It shouldn't be so hard to do dystopia right, but the young adult genre seems to struggle with it. For every excellent YA post-apocalyptic series (e.g. "The Chaos Walking Trilogy" or "The Red Rising Trilogy"), there are a dozen bad ones ( "Divergent" comes to mind). With the success of "The Hunger Games" films, all the studios started buying up the rights to as many dystopian YA series as they could.
"The 5th Wave" is the next book series to be adapted for theaters. The formula for these post-apocalyptic teen adventures is so strict that entire series can be predicted after the first few chapters of the opening book. There will be a young woman who is self-reliant and untrusting, a young man who is soft-hearted and awkward and a slightly older man who is handsome, but with a darkness inside him that makes him even more dreamy. At some point, a love triangle will blossom (most likely in the second book) and the tough but emotionally vulnerable young woman will make her choice based on her heart instead of her head.
The love triangle is then placed inside either a futuristic society where our modern way of life is long past and a new social order is in place, or it takes place right at the beginning of the world-ending cataclysm so we see humanity's demise. Then at some point, the sweetest or most adorable character will die and our heroes will discover that being human means helping others and protecting each other.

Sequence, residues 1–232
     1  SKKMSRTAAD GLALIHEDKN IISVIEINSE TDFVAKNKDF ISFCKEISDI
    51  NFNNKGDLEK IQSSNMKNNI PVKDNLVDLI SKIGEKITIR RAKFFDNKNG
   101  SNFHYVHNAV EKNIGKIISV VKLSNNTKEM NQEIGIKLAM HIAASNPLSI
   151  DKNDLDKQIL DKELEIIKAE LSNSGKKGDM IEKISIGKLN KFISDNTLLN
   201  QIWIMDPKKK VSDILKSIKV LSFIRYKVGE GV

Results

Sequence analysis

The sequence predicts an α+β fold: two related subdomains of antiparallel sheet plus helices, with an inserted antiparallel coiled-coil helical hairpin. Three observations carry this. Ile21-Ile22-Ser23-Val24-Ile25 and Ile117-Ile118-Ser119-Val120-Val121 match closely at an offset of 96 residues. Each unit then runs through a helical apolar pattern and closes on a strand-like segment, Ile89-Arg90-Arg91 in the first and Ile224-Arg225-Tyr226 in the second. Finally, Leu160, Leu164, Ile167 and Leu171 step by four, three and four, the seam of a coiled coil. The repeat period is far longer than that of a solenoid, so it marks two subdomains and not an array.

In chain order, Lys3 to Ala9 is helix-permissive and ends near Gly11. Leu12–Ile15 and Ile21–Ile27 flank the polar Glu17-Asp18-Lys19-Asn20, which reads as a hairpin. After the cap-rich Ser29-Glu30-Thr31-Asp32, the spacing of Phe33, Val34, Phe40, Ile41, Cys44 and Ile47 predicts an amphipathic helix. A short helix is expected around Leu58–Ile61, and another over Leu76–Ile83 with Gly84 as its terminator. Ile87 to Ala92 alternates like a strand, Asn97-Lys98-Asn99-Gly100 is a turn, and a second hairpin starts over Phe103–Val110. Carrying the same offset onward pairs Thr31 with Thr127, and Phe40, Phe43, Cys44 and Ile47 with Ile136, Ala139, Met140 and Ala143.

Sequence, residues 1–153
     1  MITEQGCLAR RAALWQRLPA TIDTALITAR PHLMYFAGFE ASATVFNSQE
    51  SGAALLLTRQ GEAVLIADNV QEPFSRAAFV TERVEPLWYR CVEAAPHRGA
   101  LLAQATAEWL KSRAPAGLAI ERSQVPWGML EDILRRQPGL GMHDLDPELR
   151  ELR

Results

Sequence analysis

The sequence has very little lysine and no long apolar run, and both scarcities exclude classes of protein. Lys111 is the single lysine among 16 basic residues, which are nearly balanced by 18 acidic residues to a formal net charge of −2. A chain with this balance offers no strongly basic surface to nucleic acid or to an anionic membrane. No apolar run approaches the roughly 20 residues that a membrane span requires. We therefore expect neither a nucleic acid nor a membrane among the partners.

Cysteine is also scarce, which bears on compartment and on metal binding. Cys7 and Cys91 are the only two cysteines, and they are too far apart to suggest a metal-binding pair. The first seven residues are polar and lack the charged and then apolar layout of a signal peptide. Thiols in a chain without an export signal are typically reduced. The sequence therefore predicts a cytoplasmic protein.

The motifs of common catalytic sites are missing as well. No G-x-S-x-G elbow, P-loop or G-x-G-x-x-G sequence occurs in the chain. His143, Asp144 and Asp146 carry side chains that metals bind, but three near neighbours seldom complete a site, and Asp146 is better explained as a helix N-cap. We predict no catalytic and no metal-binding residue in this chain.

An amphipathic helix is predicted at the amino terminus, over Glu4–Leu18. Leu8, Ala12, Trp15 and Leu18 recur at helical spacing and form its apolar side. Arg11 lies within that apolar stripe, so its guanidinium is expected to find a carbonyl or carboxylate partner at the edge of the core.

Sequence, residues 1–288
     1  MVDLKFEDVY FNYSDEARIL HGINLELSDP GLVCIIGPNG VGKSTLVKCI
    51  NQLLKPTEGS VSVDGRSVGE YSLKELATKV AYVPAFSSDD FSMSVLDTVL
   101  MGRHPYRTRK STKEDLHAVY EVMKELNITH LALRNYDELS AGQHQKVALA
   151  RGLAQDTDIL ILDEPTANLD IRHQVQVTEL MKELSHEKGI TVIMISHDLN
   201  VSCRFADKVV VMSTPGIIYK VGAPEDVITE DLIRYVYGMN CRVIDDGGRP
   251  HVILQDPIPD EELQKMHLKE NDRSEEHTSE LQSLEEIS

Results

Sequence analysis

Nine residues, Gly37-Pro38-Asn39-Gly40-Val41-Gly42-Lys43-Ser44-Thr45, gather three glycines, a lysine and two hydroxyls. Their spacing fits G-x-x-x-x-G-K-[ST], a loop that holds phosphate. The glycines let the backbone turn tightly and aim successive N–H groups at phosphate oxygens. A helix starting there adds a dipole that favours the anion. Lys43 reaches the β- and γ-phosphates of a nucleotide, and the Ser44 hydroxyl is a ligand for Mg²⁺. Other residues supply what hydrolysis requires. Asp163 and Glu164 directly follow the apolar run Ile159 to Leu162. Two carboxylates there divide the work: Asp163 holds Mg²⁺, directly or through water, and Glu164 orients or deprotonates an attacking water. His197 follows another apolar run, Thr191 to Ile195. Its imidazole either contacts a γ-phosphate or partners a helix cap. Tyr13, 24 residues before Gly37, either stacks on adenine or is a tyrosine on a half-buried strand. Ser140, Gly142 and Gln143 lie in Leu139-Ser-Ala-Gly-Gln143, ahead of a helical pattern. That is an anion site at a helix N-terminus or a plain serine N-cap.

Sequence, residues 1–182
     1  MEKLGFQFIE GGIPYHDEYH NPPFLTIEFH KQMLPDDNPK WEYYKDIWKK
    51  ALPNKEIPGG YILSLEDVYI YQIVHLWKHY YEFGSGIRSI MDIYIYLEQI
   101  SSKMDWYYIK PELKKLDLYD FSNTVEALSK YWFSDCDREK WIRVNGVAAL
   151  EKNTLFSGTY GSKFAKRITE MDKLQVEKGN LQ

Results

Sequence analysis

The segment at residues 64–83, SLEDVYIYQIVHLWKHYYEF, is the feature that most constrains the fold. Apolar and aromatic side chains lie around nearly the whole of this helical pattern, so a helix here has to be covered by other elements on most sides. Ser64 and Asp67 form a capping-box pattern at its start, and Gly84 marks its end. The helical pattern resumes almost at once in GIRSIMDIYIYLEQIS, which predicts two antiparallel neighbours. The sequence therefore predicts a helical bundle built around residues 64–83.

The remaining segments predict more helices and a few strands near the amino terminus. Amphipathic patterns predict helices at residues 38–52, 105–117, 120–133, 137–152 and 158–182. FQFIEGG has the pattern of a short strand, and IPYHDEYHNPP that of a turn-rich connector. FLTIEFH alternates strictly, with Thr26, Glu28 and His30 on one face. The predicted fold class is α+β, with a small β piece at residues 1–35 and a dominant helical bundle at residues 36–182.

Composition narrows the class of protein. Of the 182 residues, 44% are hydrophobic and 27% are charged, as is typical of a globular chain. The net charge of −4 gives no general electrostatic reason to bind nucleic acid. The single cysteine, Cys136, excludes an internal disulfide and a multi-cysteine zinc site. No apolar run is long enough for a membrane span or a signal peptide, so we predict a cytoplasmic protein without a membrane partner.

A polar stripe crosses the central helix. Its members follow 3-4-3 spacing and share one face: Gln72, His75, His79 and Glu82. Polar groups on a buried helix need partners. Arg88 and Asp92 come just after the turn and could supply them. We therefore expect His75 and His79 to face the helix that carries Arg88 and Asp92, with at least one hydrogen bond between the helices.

"The 5th Wave" takes all of these elements and mashes them up into a big boring soup and then sprinkles a bunch of cliché dialogue over it like Bac-O's. The film doesn't distinguish itself enough from all that has come before, nor does it create excitement for where the future of the series is going.
This franchise stars Chloe Grace Moretz as Cassiopeia "Cassie" Sullivan, a normal high school student trying to survive after an alien attack and subsequent invasion, following a series of catastrophes. The First Wave took out all electricity/technology, the Second Wave caused massive earthquakes that created tsunamis, wiping out three billion people and the Third Wave was a deadly virus that killed almost everyone else. The Fourth Wave is aliens infiltrating humanity, rather easily since they are indistinguishable from regular Earth people. The aliens then use this camouflage to pick off the last vestiges of humans one at a time. The Fifth Wave is predictable, yet holds a decent twist toward the end of the film.
For some reason, The Fourth Wave aliens mostly picked redneck humans to possess while they hunt the survivors. Thus, whenever Chloe Grace Moretz gets shot at throughout the film, her attackers always look like Ammon Bundy gave them the afternoon off the refuge. The unintentional hilarity of this keeps the film entertaining even when everything else fails.
Columbia Pictures was so eager to get into the YA franchise game that they didn't even wait for author Rick Yancey to publish the third book in the series (which will be released later this year). No matter what the future of the book or film franchise holds, "The 5th Wave" definitely does not inspire the audience to care.
"The 5th Wave"
Dir. J. Blakeson
Now playing at Old Mill Stadium 16 & IMAX